Beautiful Struggle - Talib Kweli
Rating: 3.5/5. Not as good as Quality, but listen for yourself.
Talib Kweli’s introspective rhymes have given him a reputation as a conscious rapper. He’s known in the underground for phenomenal music on account of his intelligent lyrics, hard beats, and smooth flow. His latest album, Beautiful Struggle, is a more mainstream production, including appearances by R&B singers like Faith Evans and Mary J. Blige and beats by the Neptunes, Hi-Tek, and Kanye West. The result is a bit uneven, and it fails to match the energy and that raw feel of Quality, his first solo album, but it’s still worth checking out. It’s hard to describe the experience of listening to Beautiful Struggle, which is different from any of his earlier albums, like Quality and Train of Thought. I’m not sure if I could have predicted what would emerge from his collaborations or if I can put into words what it's like when the combinations work (like on his track with Mary J. Blige) or why it is that they sometimes don't (like in We Know with Faith Evans). If you want to be able to understand it, you may just have to get acquainted with them yourself.
Though it’s not the same as listening to the music, Kweli’s lyrics provide a glimpse of the awareness of struggle, dreams, and poverty that pervades his album. Here is an excerpt of Black Girl Pain, about his daughter Diani:
My pretty black princess smell sweet like that incenseThose who are familiar with Kweli’s work may remember Diani as the daughter whose birth that he sang about in Joy on his last album:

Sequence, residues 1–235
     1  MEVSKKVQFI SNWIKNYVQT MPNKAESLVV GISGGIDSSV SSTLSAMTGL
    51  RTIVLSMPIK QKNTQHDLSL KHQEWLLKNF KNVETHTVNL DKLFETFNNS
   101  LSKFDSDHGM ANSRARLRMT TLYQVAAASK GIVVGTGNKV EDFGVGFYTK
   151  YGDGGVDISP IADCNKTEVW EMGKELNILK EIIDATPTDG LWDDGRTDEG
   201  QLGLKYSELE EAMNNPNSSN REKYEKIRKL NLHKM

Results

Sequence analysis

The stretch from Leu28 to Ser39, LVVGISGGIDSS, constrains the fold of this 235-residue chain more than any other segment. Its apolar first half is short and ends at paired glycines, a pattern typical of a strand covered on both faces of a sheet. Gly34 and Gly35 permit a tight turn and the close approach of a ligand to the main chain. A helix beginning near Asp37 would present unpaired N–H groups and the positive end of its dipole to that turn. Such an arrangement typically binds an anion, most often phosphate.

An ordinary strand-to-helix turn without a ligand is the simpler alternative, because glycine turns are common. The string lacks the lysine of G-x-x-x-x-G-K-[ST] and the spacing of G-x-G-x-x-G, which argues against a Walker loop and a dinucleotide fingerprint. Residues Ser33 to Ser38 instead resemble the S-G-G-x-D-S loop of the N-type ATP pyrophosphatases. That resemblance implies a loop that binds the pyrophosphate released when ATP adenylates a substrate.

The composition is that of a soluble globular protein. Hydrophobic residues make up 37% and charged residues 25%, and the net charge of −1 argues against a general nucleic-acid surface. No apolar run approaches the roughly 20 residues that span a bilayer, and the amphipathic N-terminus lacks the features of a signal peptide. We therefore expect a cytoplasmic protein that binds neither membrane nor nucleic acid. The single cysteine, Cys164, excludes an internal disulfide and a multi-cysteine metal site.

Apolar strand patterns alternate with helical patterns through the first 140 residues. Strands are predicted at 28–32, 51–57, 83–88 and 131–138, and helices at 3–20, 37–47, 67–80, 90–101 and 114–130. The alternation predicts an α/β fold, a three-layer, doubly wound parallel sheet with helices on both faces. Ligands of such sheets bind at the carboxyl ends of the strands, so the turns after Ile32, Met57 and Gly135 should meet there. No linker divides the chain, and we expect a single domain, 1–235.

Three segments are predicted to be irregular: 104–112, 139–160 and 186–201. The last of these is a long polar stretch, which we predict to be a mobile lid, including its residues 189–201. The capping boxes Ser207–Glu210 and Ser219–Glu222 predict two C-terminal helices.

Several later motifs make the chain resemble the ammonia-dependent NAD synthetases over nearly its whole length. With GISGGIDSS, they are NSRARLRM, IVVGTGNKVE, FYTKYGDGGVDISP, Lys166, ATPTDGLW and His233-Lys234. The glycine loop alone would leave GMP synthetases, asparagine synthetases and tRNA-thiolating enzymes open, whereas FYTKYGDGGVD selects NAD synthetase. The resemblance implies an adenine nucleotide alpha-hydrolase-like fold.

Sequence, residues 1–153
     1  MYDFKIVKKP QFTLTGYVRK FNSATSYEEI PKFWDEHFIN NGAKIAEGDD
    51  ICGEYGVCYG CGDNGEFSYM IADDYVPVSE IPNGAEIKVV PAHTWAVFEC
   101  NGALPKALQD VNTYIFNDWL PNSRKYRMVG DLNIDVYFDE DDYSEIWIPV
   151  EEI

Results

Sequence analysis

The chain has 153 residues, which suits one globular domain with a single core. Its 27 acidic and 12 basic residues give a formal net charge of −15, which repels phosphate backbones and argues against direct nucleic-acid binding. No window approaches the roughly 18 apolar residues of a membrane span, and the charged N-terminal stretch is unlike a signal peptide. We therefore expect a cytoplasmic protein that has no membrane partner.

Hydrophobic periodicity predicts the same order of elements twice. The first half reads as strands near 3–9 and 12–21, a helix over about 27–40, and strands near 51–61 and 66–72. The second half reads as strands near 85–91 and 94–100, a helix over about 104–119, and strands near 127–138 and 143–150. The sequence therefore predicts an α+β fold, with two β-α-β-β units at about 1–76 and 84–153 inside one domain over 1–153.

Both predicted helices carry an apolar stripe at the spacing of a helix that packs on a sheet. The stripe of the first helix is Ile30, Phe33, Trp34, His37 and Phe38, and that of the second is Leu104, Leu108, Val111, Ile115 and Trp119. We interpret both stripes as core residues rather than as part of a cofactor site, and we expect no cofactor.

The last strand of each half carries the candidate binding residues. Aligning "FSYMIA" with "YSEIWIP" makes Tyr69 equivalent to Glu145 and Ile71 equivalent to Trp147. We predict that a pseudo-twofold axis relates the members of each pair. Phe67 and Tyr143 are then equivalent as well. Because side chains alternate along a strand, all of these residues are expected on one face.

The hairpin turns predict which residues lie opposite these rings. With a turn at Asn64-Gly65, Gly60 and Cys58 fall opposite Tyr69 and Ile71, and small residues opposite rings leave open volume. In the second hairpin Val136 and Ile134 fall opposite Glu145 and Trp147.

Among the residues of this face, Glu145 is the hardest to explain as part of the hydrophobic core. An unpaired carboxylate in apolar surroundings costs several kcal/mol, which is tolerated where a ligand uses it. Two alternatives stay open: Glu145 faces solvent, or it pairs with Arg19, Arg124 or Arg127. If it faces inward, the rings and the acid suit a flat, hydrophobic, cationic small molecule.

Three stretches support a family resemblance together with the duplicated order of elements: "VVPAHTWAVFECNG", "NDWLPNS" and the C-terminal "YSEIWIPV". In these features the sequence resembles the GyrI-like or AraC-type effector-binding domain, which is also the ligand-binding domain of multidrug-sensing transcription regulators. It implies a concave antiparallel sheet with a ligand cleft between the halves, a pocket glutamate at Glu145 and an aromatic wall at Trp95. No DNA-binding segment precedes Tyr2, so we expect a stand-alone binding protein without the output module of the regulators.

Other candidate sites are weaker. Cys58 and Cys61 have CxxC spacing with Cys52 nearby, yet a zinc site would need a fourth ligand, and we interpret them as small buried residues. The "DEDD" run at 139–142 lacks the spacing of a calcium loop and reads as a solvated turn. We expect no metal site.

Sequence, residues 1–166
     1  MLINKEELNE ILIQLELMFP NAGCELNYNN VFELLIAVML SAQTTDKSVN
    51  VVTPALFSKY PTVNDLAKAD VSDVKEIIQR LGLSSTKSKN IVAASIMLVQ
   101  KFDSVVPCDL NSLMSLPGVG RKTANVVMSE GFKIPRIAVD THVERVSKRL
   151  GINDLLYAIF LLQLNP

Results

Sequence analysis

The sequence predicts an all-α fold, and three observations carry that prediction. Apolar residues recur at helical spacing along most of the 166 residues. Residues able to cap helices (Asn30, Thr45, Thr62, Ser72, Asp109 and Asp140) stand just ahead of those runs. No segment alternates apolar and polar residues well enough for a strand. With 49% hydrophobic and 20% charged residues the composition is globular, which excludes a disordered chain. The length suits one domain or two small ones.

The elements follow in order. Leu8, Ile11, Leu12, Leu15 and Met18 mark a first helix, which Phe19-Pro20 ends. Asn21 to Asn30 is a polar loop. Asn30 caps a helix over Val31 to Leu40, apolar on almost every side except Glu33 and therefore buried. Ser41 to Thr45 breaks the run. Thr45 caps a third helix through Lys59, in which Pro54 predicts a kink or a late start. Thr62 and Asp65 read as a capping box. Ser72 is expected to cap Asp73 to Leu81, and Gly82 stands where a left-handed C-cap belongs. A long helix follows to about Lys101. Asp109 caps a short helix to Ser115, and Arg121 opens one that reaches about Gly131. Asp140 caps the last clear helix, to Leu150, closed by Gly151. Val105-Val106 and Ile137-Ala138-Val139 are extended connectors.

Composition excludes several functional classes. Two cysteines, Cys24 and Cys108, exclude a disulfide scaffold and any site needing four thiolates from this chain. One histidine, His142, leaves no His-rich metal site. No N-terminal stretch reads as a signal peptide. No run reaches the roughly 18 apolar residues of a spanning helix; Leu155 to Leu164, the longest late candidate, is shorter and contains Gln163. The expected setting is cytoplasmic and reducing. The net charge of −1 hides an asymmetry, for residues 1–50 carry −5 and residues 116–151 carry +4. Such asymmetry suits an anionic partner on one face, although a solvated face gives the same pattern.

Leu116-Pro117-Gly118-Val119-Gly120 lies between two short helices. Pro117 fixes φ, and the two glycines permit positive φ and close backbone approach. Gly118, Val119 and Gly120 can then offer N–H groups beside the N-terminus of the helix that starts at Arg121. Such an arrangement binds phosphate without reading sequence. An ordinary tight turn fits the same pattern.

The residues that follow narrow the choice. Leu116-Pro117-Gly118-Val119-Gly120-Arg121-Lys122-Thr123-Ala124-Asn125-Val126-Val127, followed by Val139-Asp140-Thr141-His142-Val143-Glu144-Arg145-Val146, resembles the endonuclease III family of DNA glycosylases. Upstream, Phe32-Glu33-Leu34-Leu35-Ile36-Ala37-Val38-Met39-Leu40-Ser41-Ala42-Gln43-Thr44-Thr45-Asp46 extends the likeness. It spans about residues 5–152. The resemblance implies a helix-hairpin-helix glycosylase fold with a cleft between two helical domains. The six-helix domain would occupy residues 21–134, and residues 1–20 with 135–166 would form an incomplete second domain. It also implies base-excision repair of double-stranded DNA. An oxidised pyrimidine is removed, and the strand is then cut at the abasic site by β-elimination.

That you buy at the bookstore supporting black business
Teach her what black is; the fact is her parents are thorough
She four reading Cornrows by Camille Yarborough
I keep her hair braided, bought her a black Barbie
I keep her mind free; she ain't no black zombie
This is for Aisha, this is for Kashera
This is for Khadijah scared to look up in the mirror
I see the picture clearer thru the stain on the frame
She got a black girl name, she livin black girl pain
We at the African street festival, and she walking aroundThat song has the catchy chorus with Mos Def:
talking about the midwife said, that bring the baby down
I'm about to be a father,
the sights and sounds seem brighter around me
and for starters, I know I'ma work harder, word
That’s the music. Some people may be more interested in the cosmic questions about Kweli. Is he for real? Is he going to change the world of music? I don’t see how anyone who has ever heard Kweli could doubt that he’s for real. And, while I doubt that he is going to send all of hip hop in a socially conscious direction, I think that the influence of Kweli on artists from Jay-Z to unknown garage bands has proven that he is more than an epiphenomenon in the rap world. Instead of worrying about his place in the world, though, I recommend listening to his music. That’s what it’s for.
See my brother, I know how you feel, Kweli, I know how you feel
(That's the sound of joy)